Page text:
I haven’t really been following this season of Bravo’s Top Chef Masters, but when I was flipping through the channels this week and saw the DC area’s own Chef Bryan Voltaggio on the show, I decided to tune in. I was intrigued as the latest episode had the season’s remaining contestants paired up and challenged to create complimentary hot and cold dishes with a surprise catch of the day. Shortly into the episode I realized there was only one female contestant – James Beard Award winner Chef Jennifer Jasinski – left in the running and remarked how that’s sadly unsurprising given the male-dominated restaurant industry.
I probably could have left my disappointment there for the evening, if it hadn’t been for a short scene the producers decided to include of the chefs relaxing and enjoying dinner and drinks at a restaurant the night before the challenge. As the chefs chatted, the men remarked to Jennifer that being a chef was a really tough career choice for women because if they stop to have kids they could lose everything they’ve worked for. Upon hearing that, I stopped. I hoped that the conversation would take a turn, as I really wasn’t looking to get all riled up on a week night, but alas, there it was: a sexist comment in the midst of my supposed-to-be-brainless evening entertainment.
This isn’t the first time Jennifer has been publicly asked the question about her choice not to have children, and she handled it like a pro, talking about how she didn’t want to do anything half-way and wanted to focus fully on her career, and how at the end of the day the staff members in her restaurants were her family. Now, I don’t know if the conversation continued, if perhaps the male chefs also lamented that their lives were too busy to raise children, and that they, too, made difficult decisions about family and work life balance in the demanding industry, but I do know that if they did, the producers of the show chose not to highlight it on-air. In true pop-culture fashion, Bravo took the road of reinforcing gender stereotypes about the traditional primary caregiver role of women in the household. The producers clearly decided to focus attention on the only female contestant’s decision to not have children, despite the fact that Bryan Voltaggio, for instance, has spoken in interviews in the past about the challenges of being a dad and a chef.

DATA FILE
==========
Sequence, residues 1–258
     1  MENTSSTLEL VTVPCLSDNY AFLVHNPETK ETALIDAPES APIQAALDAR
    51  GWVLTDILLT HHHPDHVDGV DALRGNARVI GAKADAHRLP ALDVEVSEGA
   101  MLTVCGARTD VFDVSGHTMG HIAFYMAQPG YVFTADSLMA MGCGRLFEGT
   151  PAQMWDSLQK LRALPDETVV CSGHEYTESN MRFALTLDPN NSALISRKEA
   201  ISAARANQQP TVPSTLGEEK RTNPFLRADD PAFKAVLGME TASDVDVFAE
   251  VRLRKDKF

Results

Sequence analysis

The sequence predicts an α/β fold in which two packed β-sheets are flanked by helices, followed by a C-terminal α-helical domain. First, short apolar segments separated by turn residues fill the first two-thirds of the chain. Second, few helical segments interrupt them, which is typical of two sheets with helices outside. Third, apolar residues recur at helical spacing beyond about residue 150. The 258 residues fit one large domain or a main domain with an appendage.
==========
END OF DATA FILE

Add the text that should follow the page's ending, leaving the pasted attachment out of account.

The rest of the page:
The opening statement by the male chef was true, being a woman in the restaurant industry is tough for a number of reasons, and there are very high barriers to advancement for females in the industry. But insinuating that the path is more difficult for a woman because she would be forced to end her career if she were to have children is downright backwards, as is the decision of the show’s producers to reinforce this archaic idea.
The real reason being a woman in the restaurant industry is hard? Women who work in the industry face systematic discrimination, poverty wages, a lack of sick days, and five times more harassment than the general female workforce, according to a report released by Restaurant Opportunities Centers United (ROC United). ROC United has also found that women are paid 21.8 percent less than their male counterparts with the same qualifications. The wages are even lower for women of color, who are paid 28.5 percent less than their male counterparts. Nearly 37 percent of all sexual harassment charges filed by women with the Equal Employment Opportunity Commission (EEOC) come from the restaurant industry – more than five times the rate for the general female workforce, and cases of sexual harassment are often ignored by managers in the industry.
These inequalities exist because the industry perpetuates them. Much like hazing for fraternities, enduring terrible working conditions is seen as a badge of honor in many cases. The latest example of Top Chef Masters continuing to subvert female chefs in the industry and reinforce damaging stereotypes is especially damning. Women are incredibly hard working and capable chefs, line cooks, restaurateurs, waiters, general managers, bartenders and more and should be respected as such.
Oh, and did I mention that the talented Chef Jennifer Jasinski won the seafood challenge that evening? Go get ‘em girl.
Want to continue the discussion of the issues facing women in the restaurant industry? Join us September 24, 2013 for a brown bag discussion with author of Behind the Kitchen Door and Co-Founder and Co-Director of the Restaurant Opportunities Centers United, Saru Jayaraman. The event information can be found on our Facebook page, here. Please RSVP to Farrell Barnes at firstname.lastname@example.org.